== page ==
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Specific effects of EEG based neurofeedback training on memory functions in post-stroke victims

Overview of attention for article published in Journal of NeuroEngineering and Rehabilitation, December 2015
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  • In the top 25% of all research outputs scored by Altmetric
  • High Attention Score compared to outputs of the same age (87th percentile)
  • High Attention Score compared to outputs of the same age and source (87th percentile)

Mentioned by

twitter
11 tweeters
facebook
1 Facebook page
wikipedia
1 Wikipedia page
reddit
1 Redditor

Citations

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55 Dimensions

Readers on

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225 Mendeley
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Title
Specific effects of EEG based neurofeedback training on memory functions in post-stroke victims
Published in
Journal of NeuroEngineering and Rehabilitation, December 2015
DOI 10.1186/s12984-015-0105-6
Pubmed ID
Authors

Silvia Erika Kober, Daniela Schweiger, Matthias Witte, Johanna Louise Reichert, Peter Grieshofer, Christa Neuper, Guilherme Wood

Abstract

Using EEG based neurofeedback (NF), the activity of the brain is modulated directly and, therefore, the cortical substrates of cognitive functions themselves. In the present study, we investigated the ability of stroke patients to control their own brain activity via NF and evaluated specific effects of different NF protocols on cognition, in particular recovery of memory. N = 17 stroke patients received up to ten sessions of either SMR (N = 11, 12-15 Hz) or Upper Alpha (N = 6, e.g. 10-12 Hz) NF training. N = 7 stroke patients received treatment as usual as control condition. Furthermore, N = 40 healthy controls performed NF training as well. To evaluate the NF training outcome, a test battery assessing different cognitive functions was performed before and after NF training. About 70 % of both patients and controls achieved distinct gains in NF performance leading to improvements in verbal short- and long-term memory, independent of the used NF protocol. The SMR patient group showed specific improvements in visuo-spatial short-term memory performance, whereas the Upper Alpha patient group specifically improved their working memory performance. NF training effects were even stronger than effects of traditional cognitive training methods in stroke patients. NF training showed no effects on other cognitive functions than memory. Post-stroke victims with memory deficits could benefit from NF training as much as healthy controls. The used NF training protocols (SMR, Upper Alpha) had specific as well as unspecific effects on memory. Hence, NF might offer an effective cognitive rehabilitation tool improving memory deficits of stroke survivors.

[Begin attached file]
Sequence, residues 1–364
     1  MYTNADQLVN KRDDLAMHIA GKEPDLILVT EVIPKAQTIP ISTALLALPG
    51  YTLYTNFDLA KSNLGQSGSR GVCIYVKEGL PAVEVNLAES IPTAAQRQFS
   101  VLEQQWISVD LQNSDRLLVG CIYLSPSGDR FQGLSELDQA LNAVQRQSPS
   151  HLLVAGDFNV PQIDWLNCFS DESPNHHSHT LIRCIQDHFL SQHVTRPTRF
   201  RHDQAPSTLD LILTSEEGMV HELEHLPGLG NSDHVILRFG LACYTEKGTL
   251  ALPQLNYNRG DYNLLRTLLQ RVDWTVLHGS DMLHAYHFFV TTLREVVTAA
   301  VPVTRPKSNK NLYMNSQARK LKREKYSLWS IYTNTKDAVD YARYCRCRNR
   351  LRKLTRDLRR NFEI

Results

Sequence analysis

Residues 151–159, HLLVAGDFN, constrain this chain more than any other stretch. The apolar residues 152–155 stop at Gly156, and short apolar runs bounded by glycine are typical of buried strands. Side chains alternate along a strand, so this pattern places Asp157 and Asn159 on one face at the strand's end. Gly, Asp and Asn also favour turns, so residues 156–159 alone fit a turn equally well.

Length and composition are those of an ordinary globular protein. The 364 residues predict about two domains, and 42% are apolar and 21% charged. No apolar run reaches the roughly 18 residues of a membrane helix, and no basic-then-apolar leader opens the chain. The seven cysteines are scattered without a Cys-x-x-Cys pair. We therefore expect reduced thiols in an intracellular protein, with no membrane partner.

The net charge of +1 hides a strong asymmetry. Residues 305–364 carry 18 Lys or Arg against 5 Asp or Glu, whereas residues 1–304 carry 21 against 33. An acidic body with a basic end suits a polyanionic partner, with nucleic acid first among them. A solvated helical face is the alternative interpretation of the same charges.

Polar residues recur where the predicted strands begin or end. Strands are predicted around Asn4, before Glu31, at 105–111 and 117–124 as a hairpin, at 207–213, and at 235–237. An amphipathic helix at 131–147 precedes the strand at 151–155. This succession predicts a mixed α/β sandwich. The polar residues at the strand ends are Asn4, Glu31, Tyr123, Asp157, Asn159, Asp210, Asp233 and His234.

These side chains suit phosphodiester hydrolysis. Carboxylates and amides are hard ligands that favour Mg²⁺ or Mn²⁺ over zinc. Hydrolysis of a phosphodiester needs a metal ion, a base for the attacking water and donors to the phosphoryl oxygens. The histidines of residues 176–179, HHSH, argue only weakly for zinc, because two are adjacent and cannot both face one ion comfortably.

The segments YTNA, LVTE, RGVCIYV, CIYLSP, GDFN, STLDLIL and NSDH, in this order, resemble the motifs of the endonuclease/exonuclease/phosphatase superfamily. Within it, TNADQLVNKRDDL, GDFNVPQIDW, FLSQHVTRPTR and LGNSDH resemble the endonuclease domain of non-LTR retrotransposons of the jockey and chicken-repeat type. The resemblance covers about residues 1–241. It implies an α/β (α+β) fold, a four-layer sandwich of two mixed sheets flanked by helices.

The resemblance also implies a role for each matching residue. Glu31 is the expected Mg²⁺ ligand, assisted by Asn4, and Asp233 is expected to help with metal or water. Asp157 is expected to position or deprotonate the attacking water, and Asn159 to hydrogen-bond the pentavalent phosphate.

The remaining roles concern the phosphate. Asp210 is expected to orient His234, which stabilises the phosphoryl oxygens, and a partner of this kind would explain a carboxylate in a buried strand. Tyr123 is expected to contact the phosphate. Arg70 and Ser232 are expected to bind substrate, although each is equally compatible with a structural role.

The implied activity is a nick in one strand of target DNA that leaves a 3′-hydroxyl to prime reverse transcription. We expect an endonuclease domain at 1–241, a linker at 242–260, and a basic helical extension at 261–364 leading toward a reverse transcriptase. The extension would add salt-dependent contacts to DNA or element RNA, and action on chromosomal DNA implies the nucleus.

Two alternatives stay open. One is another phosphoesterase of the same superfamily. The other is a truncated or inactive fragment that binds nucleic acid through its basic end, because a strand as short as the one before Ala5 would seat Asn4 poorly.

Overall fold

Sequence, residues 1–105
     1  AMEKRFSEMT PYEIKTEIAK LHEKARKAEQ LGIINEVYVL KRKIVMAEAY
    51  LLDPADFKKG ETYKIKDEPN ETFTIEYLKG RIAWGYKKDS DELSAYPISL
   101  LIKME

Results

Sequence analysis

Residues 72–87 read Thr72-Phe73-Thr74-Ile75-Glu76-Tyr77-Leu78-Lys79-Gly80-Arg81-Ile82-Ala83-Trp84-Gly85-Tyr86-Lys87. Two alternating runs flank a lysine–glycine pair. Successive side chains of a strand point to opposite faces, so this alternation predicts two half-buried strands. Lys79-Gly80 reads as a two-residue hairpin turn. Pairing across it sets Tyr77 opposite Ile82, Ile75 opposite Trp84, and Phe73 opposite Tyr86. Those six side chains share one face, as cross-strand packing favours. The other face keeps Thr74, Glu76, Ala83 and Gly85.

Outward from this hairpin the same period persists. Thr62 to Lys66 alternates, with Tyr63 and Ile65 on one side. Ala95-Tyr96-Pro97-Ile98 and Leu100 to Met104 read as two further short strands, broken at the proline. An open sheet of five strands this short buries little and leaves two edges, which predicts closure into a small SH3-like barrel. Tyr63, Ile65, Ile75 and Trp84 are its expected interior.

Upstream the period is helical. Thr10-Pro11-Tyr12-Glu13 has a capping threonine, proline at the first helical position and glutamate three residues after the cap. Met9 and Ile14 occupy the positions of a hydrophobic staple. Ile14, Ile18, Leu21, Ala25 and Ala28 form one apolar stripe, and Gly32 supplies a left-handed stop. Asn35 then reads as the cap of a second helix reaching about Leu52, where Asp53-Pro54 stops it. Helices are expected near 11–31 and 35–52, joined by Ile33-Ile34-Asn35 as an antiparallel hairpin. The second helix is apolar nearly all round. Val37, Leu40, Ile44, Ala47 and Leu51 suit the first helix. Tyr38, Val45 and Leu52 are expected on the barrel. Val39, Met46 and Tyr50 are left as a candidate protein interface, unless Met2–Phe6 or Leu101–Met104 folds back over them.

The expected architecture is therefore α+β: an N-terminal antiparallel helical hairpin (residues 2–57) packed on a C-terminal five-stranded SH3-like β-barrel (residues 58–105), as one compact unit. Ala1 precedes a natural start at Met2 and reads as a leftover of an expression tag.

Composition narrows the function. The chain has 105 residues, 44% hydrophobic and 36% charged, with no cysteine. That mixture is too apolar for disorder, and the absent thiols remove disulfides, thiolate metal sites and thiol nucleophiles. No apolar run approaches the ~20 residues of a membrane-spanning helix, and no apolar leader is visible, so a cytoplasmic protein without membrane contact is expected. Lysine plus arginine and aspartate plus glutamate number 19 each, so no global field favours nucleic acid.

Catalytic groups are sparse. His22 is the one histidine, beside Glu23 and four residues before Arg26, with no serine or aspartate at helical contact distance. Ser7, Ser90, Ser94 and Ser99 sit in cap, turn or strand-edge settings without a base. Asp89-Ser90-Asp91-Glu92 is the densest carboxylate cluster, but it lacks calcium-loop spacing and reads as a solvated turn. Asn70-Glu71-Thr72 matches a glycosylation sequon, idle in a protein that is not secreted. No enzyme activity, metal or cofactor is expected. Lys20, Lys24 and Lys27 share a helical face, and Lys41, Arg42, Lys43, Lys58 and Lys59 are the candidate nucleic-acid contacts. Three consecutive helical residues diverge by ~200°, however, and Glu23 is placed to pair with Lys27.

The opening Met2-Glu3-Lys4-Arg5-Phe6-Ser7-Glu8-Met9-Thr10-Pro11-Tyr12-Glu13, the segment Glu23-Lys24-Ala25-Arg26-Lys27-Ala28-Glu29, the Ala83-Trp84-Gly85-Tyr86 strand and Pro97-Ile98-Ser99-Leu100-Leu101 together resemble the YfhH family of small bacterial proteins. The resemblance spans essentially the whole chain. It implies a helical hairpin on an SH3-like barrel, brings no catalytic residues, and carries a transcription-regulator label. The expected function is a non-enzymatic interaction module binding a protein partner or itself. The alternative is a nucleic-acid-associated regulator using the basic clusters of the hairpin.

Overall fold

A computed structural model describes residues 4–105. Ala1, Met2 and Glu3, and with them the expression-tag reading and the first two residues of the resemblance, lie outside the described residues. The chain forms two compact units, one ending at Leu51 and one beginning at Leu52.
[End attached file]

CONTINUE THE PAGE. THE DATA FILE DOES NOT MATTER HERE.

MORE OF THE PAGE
Twitter Demographics

The data shown below were collected from the profiles of 11 tweeters who shared this research output. Click here to find out more about how the information was compiled.

Mendeley readers

The data shown below were compiled from readership statistics for 225 Mendeley readers of this research output. Click here to see the associated Mendeley record.

Geographical breakdown

Country Count As %
United States 2 <1%
Korea, Republic of 1 <1%
Switzerland 1 <1%
Unknown 221 98%

Demographic breakdown

Readers by professional status Count As %
Student > Master 48 21%
Student > Ph. D. Student 35 16%
Student > Bachelor 34 15%
Researcher 26 12%
Professor > Associate Professor 11 5%
Other 36 16%
Unknown 35 16%
Readers by discipline Count As %
Neuroscience 55 24%
Psychology 43 19%
Medicine and Dentistry 16 7%
Engineering 15 7%
Nursing and Health Professions 13 6%
Other 42 19%
Unknown 41 18%

Attention Score in Context

This research output has an Altmetric Attention Score of 11. This is our high-level measure of the quality and quantity of online attention that it has received. This Attention Score, as well as the ranking and number of research outputs shown below, was calculated when the research output was last mentioned on 25 May 2019.
All research outputs
#1,686,301
of 15,099,074 outputs
Outputs from Journal of NeuroEngineering and Rehabilitation
#98
of 900 outputs
Outputs of similar age
#46,734
of 363,366 outputs
Outputs of similar age from Journal of NeuroEngineering and Rehabilitation
#6
of 54 outputs
Altmetric has tracked 15,099,074 research outputs across all sources so far. Compared to these this one has done well and is in the 88th percentile: it's in the top 25% of all research outputs ever tracked by Altmetric.
So far Altmetric has tracked 900 research outputs from this source. They typically receive a little more attention than average, with a mean Attention Score of 7.1. This one has done well, scoring higher than 89% of its peers.
Older research outputs will score higher simply because they've had more time to accumulate mentions. To account for age we can compare this Altmetric Attention Score to the 363,366 tracked outputs that were published within six weeks on either side of this one in any source. This one has done well, scoring higher than 87% of its contemporaries.
We're also able to compare this research output to 54 others from the same source and published within six weeks on either side of this one. This one has done well, scoring higher than 87% of its contemporaries.